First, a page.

What does energy efficiency mean to you? Does it mean replacing old light bulbs with energy-stingy LEDs? Is it a remodeling project that installs double or triple pane windows? Does it include upgrading appliances like air conditioners and refrigerators to take advantage of Energy Star ratings and utility rebate programs? It means all of those things, and in states like California that employ aggressive energy efficiency (EE) policies and standards from widget to building envelope, it’s been a successful strategy to reduce per capita energy consumption.
Earlier this year the governor of California announced an energy policy, although he didn’t call it that at the time. One of the goals is to double EE savings in existing buildings by 2030. To get there, breakthrough innovations in EE policies, technologies, and financing are required. In other words, its time upgrade from EE 1.0 to EE 2.0, with a very heavy emphasis on building retrofits.
The Next Generation of Energy Efficiency Project at Stanford University aims to define EE 2.0. Led by Dian Grueneich, former Commissioner of the California Public Utilities Commission and now a Senior Research Scholar at the Precourt Energy Efficiency Center and the Hoover Institution, the project will create a series of whitepapers to help mobilize actions that deliver Governor Brown’s “doubled down” objective.
The first White Paper, to be issued this spring, will discuss some of the steps Ms. Grueneich has identified to define an EE 2.0 framework:
Articulate EE’s new role in terms of its increased value to economic, energy, and environmental security
Structure transparency and build awareness through annual performance reporting on EE gains
Revise state agency roles and processes to streamline policy and projects support
Align EE regulatory rules and policies with state climate goals
Improve customer-funded programs
- Investigate the state’s development and enforcement of codes and standards that can accelerate EE goals
- Identify and support innovations in technologies, policies, and financial products that contribute to EE savings
Technology innovations are abundant to retrofit existing buildings to higher EE savings. Much of that technology is relatively low tech too. Insulation and double pane windows aren’t rocket science. Of course, there’s exciting work in labs that will improve building envelope materials in the form of new paints as well as “smart” windows.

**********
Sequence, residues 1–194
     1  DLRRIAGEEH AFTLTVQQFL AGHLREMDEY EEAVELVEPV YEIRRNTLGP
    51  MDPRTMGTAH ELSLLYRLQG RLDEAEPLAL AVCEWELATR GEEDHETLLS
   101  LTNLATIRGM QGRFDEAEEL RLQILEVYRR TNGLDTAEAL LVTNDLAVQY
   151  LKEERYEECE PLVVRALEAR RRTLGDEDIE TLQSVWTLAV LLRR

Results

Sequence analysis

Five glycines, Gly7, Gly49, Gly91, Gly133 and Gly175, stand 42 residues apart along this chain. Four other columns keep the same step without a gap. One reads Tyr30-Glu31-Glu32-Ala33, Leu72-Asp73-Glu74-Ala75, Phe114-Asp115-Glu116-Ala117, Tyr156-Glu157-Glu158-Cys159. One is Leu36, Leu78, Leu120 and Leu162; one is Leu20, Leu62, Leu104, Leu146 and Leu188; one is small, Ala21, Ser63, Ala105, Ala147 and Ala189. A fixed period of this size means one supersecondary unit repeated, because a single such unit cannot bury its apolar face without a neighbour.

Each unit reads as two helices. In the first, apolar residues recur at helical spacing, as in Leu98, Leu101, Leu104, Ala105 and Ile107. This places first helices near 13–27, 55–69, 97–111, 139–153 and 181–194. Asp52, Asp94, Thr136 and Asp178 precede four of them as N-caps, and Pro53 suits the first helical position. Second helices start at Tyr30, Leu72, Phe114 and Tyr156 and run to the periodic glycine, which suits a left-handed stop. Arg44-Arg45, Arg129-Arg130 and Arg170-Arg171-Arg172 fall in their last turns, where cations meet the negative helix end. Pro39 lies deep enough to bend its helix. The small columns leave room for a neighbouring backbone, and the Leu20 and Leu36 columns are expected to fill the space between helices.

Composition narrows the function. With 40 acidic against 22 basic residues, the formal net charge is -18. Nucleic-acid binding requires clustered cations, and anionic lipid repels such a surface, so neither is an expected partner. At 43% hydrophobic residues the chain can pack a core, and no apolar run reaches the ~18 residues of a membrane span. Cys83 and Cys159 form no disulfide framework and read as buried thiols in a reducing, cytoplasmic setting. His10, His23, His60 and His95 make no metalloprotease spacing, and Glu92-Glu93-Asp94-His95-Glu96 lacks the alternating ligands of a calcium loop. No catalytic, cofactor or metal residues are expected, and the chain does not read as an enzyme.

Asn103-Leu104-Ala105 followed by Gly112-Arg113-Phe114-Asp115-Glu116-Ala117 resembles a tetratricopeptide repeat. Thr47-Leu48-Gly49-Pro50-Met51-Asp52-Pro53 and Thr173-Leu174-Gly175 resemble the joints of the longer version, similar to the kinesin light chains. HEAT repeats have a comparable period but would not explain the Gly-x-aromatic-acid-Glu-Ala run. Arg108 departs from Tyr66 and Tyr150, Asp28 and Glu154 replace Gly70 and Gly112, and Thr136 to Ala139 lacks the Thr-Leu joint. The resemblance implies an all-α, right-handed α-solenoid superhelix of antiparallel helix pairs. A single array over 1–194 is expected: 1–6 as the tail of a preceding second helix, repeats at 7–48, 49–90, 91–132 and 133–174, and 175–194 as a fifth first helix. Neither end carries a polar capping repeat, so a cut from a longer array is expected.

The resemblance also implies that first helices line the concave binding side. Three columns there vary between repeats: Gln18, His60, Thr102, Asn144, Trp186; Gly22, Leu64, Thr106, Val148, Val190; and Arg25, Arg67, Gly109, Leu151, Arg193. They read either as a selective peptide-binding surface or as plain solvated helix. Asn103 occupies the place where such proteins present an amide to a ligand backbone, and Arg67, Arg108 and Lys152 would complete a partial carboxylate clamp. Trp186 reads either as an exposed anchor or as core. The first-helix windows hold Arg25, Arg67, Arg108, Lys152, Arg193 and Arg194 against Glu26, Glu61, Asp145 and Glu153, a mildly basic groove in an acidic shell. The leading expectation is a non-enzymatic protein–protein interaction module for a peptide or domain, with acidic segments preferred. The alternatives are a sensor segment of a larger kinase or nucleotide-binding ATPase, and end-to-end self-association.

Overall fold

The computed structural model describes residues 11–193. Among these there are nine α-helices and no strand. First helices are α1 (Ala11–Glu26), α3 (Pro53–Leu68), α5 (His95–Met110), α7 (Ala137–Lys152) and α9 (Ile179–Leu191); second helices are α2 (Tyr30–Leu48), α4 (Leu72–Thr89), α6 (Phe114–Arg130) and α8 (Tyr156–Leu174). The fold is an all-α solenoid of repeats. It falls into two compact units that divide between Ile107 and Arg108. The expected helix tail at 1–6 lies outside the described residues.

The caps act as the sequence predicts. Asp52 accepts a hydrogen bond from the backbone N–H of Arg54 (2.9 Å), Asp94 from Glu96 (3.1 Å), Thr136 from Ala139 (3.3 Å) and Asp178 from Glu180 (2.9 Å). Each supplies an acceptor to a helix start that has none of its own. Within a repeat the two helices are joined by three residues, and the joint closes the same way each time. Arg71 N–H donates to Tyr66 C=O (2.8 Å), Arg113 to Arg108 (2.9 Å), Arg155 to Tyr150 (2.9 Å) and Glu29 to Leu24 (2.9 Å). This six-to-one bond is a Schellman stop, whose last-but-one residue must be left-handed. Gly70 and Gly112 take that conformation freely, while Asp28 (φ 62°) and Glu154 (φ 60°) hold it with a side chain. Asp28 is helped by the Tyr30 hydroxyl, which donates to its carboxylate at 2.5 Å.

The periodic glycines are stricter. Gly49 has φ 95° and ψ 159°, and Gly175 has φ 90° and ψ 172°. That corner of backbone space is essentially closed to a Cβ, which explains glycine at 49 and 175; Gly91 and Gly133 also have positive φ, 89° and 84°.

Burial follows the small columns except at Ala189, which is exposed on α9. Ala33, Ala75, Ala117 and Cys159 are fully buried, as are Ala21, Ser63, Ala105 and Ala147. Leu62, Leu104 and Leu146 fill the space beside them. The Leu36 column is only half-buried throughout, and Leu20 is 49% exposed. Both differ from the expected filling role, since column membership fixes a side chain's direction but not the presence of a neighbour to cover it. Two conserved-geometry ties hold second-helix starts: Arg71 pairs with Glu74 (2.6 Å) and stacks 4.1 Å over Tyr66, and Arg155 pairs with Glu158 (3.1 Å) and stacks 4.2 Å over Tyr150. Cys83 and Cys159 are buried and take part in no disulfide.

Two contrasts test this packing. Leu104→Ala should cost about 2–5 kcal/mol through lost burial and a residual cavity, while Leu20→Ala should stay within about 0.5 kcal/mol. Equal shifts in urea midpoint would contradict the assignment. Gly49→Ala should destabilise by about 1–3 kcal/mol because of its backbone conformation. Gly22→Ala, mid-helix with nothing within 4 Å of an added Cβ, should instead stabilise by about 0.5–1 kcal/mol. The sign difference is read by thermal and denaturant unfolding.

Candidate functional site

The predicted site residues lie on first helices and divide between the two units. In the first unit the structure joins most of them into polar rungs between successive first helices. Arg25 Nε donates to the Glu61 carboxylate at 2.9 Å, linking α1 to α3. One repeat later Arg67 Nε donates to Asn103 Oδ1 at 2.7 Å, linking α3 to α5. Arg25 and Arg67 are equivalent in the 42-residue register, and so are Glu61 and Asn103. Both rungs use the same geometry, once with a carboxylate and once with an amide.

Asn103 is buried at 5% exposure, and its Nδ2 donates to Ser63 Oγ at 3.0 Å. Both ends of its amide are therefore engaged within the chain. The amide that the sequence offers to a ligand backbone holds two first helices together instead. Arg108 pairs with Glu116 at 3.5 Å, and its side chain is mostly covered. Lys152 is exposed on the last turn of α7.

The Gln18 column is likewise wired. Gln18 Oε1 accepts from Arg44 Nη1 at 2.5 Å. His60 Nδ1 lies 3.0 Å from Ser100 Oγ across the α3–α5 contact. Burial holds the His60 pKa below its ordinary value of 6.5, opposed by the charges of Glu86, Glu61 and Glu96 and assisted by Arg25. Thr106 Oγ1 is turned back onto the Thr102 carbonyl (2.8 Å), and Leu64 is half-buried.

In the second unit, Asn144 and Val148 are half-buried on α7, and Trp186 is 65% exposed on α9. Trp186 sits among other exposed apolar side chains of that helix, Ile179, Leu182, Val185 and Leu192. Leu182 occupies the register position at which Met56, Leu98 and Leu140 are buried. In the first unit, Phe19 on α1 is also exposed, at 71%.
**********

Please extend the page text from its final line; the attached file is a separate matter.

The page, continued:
The pre-eminent challenges to creating the Next Generation of EE are in policy (including agency governance) and finance. Compare an EE investment in insulation upgrades to an investment in solar panels. Both have upfront acquisition costs with a promise of energy bill reductions enjoyed in the future. Homeowners have a range of options that include use of PACE programs to finance solar investments or partnering with firms that handle the upfront acquisition and installation costs and share in the production and tax benefits. Insulation upgrades lack the same diversity of financial programs and partnership options. As Ms. Grueneich described at a recent session, “in energy efficiency thousands of different decisions made every day by individuals, organizations, and governments. We have to use our policies and the private market to set up similar models to solar that make efficiency easy and attractive, for both consumers and providers alike.”
Ms. Grueneich noted that EE 1.0 consists of “mostly single ‘widgets’ and low uptake by consumers and businesses.“ But there’s pent-up demand and new technologies that EE 1.0 doesn’t address. How many more decisions about energy efficiency could be made if only policies and financial instruments better supported them? The Next Generation of Energy Efficiency Project just may provide that answer.
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